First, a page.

Most drivers donâ€™t know much about driving on the hills. They might end up doing excess honking, be confused on what gear to use, overuse their brakes, etc. Itâ€™s no wonder that a large percentage of hill accidents involve drivers from lowlands. Here are some points to remember while making a trip up north.
Get your car thoroughly checked up before planning to drive in the hills.Â Cars tend to heat up, require better handling and more braking. It never hurts to take a few things like engine oil, brake oil, coolant, in case you might need it. They arenâ€™t too many mechanics to help you out on the way and calling for one isnâ€™t an option unlike in cities.
Be light on turns
Be smooth when approaching turns by slowing down and gradually turning the steering. Hard turns will not only stress you out, but also the car. It can also cause motion sickness. This happens because the body needs time to adjust to the pressure in high altitude places.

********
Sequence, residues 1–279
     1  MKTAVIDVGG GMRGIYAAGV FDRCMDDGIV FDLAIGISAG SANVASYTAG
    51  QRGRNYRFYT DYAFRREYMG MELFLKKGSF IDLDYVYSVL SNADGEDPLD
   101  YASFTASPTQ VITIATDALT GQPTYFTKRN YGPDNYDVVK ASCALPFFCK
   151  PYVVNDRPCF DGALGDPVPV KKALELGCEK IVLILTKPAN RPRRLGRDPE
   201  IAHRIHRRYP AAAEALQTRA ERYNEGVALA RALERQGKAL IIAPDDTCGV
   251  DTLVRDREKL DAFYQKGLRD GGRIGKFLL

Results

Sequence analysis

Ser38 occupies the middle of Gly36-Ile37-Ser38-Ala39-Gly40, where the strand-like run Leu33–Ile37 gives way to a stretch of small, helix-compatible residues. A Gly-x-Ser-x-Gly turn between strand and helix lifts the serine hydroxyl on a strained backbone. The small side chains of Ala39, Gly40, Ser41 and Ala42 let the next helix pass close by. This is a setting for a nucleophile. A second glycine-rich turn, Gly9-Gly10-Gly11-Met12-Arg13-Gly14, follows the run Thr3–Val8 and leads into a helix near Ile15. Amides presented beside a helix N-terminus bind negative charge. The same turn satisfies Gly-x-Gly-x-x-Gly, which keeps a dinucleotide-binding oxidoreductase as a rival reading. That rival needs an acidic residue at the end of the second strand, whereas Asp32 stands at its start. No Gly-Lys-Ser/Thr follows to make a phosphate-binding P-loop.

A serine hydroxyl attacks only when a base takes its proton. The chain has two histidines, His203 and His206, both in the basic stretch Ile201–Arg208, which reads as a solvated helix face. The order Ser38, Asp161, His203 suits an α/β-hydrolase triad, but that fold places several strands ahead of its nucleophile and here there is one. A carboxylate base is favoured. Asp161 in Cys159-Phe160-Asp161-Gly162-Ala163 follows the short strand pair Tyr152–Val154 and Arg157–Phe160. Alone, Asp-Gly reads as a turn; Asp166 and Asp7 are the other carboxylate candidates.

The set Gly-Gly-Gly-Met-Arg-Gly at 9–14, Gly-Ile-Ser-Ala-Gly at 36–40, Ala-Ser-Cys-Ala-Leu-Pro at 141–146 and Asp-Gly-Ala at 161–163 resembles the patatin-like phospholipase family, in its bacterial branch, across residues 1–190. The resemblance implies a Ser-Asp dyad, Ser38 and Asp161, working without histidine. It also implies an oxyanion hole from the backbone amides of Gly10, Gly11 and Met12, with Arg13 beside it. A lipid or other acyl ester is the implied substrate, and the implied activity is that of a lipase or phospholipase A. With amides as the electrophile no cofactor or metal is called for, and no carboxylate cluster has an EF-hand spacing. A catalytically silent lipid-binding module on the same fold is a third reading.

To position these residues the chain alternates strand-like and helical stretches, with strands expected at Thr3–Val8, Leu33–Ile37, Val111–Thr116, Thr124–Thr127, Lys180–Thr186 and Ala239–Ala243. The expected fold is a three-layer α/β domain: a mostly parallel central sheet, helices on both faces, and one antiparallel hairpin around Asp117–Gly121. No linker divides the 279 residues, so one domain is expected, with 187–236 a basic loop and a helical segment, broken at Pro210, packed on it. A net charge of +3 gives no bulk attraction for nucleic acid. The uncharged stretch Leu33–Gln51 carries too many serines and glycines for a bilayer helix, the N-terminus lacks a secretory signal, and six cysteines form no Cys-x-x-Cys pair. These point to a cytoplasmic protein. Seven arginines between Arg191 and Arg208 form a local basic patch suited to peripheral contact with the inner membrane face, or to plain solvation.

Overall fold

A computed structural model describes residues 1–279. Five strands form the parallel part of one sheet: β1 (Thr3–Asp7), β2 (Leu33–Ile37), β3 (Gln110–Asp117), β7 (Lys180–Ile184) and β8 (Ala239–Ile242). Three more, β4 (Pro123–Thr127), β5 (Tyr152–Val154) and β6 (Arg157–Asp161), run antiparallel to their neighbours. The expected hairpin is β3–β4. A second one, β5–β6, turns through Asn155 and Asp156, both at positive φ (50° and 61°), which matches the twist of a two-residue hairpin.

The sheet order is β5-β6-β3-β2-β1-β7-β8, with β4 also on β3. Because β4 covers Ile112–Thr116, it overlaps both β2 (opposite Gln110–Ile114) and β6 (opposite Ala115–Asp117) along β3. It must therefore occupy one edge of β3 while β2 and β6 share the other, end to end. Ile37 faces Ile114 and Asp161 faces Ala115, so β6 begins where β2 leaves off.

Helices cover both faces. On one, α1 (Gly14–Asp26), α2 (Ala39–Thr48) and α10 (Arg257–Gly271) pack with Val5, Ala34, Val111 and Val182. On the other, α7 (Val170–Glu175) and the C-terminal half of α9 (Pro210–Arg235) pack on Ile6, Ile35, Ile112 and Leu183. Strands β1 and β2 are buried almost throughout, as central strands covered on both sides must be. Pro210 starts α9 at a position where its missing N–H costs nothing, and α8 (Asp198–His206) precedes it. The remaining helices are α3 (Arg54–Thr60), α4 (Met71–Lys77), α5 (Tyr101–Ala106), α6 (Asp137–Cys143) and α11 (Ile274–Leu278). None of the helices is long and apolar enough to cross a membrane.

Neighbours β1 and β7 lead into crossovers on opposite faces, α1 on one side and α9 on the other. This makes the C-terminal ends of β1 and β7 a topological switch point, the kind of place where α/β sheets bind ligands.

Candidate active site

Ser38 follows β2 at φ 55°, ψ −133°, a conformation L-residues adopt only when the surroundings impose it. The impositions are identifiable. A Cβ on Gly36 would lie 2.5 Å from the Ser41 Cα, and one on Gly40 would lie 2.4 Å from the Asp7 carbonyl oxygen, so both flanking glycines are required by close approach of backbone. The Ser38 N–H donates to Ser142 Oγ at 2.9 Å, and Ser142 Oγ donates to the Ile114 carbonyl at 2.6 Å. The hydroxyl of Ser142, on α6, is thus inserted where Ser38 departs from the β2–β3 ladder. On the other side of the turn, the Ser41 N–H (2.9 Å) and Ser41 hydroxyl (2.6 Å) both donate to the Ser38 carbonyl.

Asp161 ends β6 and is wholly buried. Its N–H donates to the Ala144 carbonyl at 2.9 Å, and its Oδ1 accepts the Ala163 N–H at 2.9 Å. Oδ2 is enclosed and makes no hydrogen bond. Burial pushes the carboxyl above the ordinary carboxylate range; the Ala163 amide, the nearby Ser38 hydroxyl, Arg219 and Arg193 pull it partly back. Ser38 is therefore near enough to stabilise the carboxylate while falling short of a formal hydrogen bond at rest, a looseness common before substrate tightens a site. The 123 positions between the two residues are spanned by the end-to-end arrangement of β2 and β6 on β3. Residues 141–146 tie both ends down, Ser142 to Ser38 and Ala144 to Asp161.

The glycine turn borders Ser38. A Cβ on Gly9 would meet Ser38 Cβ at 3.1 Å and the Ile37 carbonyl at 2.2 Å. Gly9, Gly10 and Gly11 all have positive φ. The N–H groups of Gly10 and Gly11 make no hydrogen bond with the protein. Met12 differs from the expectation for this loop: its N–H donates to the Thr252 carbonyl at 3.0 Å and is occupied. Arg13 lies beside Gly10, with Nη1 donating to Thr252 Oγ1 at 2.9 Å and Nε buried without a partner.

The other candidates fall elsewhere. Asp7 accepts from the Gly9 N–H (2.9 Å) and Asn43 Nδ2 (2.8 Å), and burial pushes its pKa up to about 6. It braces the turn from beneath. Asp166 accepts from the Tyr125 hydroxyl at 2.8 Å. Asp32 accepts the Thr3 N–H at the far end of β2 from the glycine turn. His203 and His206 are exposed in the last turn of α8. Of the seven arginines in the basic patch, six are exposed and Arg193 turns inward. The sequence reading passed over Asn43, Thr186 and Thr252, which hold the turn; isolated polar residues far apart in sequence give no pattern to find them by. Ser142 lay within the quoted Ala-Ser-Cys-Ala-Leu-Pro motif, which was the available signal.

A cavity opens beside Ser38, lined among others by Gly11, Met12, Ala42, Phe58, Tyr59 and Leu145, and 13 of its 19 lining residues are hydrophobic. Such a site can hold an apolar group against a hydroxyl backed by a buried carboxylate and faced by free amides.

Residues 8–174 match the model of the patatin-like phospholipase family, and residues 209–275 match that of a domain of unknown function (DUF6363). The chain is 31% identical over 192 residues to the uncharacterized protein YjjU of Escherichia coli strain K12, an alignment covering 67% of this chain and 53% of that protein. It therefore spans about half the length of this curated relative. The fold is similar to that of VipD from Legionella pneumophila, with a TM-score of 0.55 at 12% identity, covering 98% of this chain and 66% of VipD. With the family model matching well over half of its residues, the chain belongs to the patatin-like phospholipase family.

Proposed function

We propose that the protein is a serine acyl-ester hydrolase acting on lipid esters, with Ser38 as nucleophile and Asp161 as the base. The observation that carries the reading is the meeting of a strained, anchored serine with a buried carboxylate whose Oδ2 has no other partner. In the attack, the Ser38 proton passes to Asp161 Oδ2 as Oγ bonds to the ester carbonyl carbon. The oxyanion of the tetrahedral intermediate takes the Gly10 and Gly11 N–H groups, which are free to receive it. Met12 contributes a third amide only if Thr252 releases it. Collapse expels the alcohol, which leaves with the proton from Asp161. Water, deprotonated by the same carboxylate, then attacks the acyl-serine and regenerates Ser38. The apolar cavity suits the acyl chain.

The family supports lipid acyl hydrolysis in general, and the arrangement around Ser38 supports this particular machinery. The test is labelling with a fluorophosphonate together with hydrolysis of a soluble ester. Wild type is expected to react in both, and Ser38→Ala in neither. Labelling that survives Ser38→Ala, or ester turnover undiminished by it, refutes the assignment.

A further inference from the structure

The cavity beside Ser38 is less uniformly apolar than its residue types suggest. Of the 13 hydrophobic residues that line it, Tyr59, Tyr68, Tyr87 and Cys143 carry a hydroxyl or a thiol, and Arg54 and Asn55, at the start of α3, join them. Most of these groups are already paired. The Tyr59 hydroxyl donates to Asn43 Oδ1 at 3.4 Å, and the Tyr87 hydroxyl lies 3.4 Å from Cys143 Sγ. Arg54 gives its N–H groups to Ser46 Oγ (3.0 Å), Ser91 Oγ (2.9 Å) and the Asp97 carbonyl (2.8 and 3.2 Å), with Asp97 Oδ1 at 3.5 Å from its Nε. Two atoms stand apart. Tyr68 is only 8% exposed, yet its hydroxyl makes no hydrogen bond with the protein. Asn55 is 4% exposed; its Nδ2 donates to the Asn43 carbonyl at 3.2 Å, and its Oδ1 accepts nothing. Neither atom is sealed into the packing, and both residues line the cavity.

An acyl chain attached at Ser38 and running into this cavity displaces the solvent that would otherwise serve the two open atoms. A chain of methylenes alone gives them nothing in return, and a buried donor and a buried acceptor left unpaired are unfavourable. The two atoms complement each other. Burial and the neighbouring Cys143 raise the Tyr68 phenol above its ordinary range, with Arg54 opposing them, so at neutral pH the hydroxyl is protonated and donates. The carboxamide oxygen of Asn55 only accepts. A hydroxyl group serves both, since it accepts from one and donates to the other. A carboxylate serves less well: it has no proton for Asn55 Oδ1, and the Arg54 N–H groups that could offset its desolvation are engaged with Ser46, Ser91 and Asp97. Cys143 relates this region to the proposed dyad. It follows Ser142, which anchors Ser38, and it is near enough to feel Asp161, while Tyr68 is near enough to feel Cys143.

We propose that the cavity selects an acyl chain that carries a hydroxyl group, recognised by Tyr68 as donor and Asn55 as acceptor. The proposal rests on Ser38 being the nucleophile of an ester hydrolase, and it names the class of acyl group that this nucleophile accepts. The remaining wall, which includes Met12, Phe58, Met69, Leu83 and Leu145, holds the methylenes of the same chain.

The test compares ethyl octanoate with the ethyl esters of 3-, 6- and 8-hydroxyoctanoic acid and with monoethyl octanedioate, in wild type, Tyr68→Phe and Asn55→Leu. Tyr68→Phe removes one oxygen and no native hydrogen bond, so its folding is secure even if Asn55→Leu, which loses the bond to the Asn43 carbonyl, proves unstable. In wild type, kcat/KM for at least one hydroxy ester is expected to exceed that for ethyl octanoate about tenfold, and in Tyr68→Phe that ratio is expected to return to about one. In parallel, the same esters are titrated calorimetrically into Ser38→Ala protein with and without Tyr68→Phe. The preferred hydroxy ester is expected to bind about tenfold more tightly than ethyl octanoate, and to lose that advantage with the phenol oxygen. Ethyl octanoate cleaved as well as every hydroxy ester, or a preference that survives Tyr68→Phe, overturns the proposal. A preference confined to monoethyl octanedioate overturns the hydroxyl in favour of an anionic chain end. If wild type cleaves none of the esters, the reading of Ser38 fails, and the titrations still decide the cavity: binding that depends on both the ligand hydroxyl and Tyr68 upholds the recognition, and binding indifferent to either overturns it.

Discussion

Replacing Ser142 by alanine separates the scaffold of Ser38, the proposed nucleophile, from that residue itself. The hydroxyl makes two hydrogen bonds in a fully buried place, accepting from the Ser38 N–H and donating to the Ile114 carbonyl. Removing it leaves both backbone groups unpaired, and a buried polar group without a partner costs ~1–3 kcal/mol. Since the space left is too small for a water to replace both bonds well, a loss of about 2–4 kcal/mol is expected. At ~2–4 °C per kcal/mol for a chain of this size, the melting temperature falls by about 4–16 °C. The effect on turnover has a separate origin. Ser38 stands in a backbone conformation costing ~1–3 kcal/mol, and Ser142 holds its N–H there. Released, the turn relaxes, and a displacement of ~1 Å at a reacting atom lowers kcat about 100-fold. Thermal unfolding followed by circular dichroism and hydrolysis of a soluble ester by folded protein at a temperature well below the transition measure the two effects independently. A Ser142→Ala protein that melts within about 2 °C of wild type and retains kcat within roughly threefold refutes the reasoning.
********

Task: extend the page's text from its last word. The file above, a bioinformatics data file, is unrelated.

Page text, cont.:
Keep within speed limits even on a straight stretch
Hilly roads are laid a little difficult in some places. Sometimes you may encounter bend after bend and then a stretch of straight road. But donâ€™t get tempted to press down on the accelerator. Chances are youâ€™re not familiar with the road, and unlike highways, itâ€™s a bad idea to speed in the hills. You have no idea when the stretch will end or when a turn is coming up. Always keep to your speed limit; itâ€™s for your own good.
Driving at night
If youâ€™re driving at night be sure to keep your headlights on low beam; for high beam can blind on-coming traffic. Use your blinkers to alert people behind you when youâ€™re stopping or slowing down.
Before overtaking on the hills, be sure to check for traffic signs like bends, narrow bridges, etc. Keep your eye on theÂ vehicle for signs of speed change, overtaking moves or swerving in front before overtaking. The car in front has a better view of things ahead and might take action to avoid any obstruction you may not be able to see.
Built on most steep mountain roads, these ramps allow drivers to either stop or to overtake. They normally have a long bed of loose soft material like gravel to help slow down. With narrow roads a constant, escape ramps offer a much-needed rest stop for drivers at times.
Now that you know the essentials to driving on the hills, pack your bags and surprise your family with a nice weekend getaway to your favorite hill station!